What do you do with a student who see kids as targets? You know she’s angry. You know she has issues. You know her home life is not what you would wish on any adult let alone a child. You work with her, that’s what you do. You hear your father’s voice say over and over in your head (because you heard it over and over as a child), “Every kid deserves to be loved because they are a kid.” And then you try to put those words into action.
This is a student who screams at kids for touching things on her desk and then touches everything on my desk; including the scissors she was using to stab said desk. She put them down immediately after I told her to…by throwing them behind her back followed by kicking them around the room. This incident was the second time I’ve had to evacuate the classroom in 15+ years.
She has no trouble sweeping everything off my desk while looking me in the eye. She will pick it up later, but an action like this is enough to make sure the other kids are afraid. She has drawn pictures of me that looked like I was a snakelike devil with venom and blood dripping from my fangs (she used both green and red to make sure I knew it was both venom and blood). I have no idea how many hurtful things she has said to her classmates.
When she told me that her mother was sending her out-of-state to live with her father but it would take a few weeks because he had to get the money together I am ashamed to say that my first thought was, “I could start a Go Fund Me page on Facebook”. What I actually said was, “Really? That should be very exciting for you. I will miss you.” Seldom have I seen a more beautiful sight than the glowing look on her face when she told us she was staying. Unlike several other kids she was incredibly happy to get to stay.
Fast forward to Monday, i.e. roughest day of the year that included a new “Triple D” plan. If she’s Defiant, Disruptive or Disrespectful she gets a think sheet and goes to a buddy room. If she does those things in the buddy room or refuses to go to the buddy room, someone from the office comes to get her and calls home. Three times was the magic number. That’s how many times she went to the office.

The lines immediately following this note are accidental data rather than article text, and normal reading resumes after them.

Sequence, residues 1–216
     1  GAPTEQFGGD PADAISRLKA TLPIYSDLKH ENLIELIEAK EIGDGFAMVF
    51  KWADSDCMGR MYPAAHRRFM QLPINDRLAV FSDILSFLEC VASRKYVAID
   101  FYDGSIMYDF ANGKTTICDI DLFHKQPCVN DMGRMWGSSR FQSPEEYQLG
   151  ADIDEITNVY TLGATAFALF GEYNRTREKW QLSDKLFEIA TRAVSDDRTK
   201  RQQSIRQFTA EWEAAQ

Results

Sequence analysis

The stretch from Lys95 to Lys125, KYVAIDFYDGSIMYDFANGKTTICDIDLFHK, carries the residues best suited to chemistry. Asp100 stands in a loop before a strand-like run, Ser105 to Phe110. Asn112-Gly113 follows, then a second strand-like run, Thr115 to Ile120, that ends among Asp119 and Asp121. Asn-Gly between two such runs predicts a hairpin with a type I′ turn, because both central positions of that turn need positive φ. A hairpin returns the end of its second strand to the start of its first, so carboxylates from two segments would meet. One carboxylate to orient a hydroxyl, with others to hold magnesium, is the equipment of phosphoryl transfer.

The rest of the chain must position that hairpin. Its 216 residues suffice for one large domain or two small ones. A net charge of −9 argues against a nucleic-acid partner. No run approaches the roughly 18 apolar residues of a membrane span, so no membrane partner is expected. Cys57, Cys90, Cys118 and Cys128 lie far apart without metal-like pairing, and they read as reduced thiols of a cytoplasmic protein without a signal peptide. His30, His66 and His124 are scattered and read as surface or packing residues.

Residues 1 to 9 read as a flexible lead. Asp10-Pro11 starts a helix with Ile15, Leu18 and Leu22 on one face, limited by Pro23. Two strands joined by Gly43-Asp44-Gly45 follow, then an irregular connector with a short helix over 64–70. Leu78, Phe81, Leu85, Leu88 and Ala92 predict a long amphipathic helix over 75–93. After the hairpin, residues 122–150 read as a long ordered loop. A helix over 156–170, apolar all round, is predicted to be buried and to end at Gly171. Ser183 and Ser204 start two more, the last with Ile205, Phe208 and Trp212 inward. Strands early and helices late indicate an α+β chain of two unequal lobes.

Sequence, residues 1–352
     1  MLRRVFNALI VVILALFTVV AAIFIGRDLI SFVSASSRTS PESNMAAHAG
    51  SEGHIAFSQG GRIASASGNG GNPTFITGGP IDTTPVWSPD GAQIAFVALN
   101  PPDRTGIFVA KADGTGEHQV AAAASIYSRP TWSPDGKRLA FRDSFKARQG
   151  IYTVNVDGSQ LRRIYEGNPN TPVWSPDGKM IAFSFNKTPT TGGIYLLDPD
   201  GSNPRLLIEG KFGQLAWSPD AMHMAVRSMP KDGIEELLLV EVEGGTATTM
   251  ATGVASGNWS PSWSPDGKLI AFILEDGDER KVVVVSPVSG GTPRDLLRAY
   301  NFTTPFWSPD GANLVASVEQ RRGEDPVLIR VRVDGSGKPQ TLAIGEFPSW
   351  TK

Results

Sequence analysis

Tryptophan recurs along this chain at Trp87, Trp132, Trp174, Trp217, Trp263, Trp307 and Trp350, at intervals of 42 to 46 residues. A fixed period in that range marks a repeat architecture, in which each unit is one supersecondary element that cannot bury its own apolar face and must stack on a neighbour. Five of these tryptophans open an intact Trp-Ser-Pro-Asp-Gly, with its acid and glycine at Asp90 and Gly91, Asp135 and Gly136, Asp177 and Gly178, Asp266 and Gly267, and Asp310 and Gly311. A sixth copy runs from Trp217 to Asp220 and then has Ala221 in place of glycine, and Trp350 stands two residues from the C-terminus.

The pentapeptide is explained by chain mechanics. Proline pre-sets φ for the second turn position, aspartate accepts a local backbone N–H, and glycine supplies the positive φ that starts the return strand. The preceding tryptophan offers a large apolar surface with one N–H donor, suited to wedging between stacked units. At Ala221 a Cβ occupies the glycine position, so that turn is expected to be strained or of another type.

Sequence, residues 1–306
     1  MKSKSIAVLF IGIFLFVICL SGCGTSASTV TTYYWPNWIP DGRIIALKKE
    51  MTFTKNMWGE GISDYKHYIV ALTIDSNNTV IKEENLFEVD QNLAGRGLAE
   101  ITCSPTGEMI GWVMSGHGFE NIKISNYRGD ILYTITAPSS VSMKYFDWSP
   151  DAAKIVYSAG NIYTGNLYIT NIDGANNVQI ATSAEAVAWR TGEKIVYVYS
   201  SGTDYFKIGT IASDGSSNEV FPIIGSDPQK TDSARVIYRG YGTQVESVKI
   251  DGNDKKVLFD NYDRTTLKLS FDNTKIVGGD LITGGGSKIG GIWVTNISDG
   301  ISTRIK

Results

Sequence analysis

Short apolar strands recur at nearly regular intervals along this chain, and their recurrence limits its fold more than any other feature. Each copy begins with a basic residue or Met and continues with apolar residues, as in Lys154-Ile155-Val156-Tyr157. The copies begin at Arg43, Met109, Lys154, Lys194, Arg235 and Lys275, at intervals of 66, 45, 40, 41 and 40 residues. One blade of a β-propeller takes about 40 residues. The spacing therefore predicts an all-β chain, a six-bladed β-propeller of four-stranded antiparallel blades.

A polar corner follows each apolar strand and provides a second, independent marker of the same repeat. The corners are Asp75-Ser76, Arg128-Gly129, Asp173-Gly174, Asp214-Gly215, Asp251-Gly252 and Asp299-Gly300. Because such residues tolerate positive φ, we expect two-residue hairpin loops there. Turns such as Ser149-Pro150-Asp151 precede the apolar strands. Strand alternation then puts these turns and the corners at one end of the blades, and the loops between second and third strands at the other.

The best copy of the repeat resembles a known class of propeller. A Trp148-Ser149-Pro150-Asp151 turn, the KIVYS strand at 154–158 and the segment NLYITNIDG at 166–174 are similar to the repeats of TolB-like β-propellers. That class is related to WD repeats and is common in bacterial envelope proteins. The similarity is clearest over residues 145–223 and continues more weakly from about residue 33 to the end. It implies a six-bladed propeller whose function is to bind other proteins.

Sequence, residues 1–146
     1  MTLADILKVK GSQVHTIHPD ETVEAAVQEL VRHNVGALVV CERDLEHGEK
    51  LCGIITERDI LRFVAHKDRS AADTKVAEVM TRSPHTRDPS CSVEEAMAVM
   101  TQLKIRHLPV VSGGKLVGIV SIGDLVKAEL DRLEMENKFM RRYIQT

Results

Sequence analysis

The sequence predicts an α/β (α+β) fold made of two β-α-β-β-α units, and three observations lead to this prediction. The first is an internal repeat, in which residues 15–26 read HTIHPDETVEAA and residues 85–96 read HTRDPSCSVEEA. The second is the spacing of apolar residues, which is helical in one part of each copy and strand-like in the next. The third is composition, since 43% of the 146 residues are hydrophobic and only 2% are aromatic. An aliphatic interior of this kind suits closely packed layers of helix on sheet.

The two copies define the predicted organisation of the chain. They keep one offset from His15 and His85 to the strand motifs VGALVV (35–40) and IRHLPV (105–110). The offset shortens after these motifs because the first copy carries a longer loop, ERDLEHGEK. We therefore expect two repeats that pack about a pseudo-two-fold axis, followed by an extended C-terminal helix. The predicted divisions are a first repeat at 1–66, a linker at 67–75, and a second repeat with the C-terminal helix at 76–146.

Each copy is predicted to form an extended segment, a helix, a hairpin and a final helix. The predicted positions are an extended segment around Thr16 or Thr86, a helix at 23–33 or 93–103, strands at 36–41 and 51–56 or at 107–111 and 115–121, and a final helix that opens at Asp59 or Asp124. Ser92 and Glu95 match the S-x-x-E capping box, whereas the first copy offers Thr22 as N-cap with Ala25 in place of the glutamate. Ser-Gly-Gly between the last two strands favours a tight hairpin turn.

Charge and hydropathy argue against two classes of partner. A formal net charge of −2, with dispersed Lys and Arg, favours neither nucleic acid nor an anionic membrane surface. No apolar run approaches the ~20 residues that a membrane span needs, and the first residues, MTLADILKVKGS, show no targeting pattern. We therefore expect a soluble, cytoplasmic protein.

Tuesday morning conversation looked like this;
ME: I really need your help this morning. I want to have a good day and I need you to help me with the other students.
ME: We are going to have a great day. Everyone is going to get along and we will get our work done and we will all be happy.
ME: Remember, we have to choose how our day will be. It’s a choice about the day you will have.
ME: Promise we’ll have a good day today?
If there was one brilliant, glowing quality she has, it’s her honesty. And her smile. Her smile is pretty amazing.
As is turns out, Tuesday was a pretty amazing day. And so was Wednesday. Two in a row and right before Spring Break? Are you kidding me?
Aaaaannnnndddd now it’s Thursday. Enter Jim (not even close to his real name. I suppose I could rearrange the letters in his name, maybe write it backwards and pretend no one knows who I’m talking about…). Jim picked his nose in PE today. Then he rubbed his finger in HER hair. I thought, “Two days was pretty good. I should be happy about two days”.
She didn’t do anything. Until after lunch. Jim also has issues. Jim likes to yell at people when they look at him. Jim likes to cry if someone says anything he doesn’t like. Jim and our friend have been instructed to NEVER go near each other. Remember the target thing? Jim is the biggest target I’ve ever seen. She tells me, with Jim close by, how nasty and disgusting he is. He starts to cry. She turns to him and rubs her eyes like she is crying like a baby. Complete with sound effects. I asked her what happened and reminded her that this is not how we treat each other (in spite of boogers in the hair).
We go inside and proceed with our day. Did I mention that I wanted to take a sick day and rest to hopefully get over this cold? No sub. Anyway, our day continues with Jim putting everything into his mouth and spitting it out; pencils, Kleenex, random things he finds on the floor…
The day is finally over. Clean up is done, chairs are stacked, the bus riders are lined up to go home when someone (I’d make up a name, but can’t remember who it was) hands me a little piece of paper. I examine it and it appears to be a book that someone has written. The cover says, “I called you nasty names”. I groan. I’m thinking, “So close”. I open the book. “I had no right to do that. I’m sorry.” I gently put the note into my pocket and get the bus riders ready to leave. As I shake HER hand and say goodbye I pull her out of line. All the bus riders are gone and the walkers are in the classroom. It’s just us. “Did you write this?” “Yes. For Jim.” “I’ve never been so proud of you.”
This is what I have learned: children do not want to be bad. They want to be good. They want to be accepted. They want to be loved. They deserve to have the chance to be good and be accepted. Most of all they deserve to be loved. Thanks Dad.
I am lucky enough to be in a position where I spend most of my days in a school as a parent volunteer. My eyes have been opened, seeing the “Behind the scenes” of what goes on. These teachers, our teachers, work hard. I am able to see first hand how much they care about these kids, our kids.
I have personally had parents come to me, to complain, to complain about the very teachers that put their all into these kids.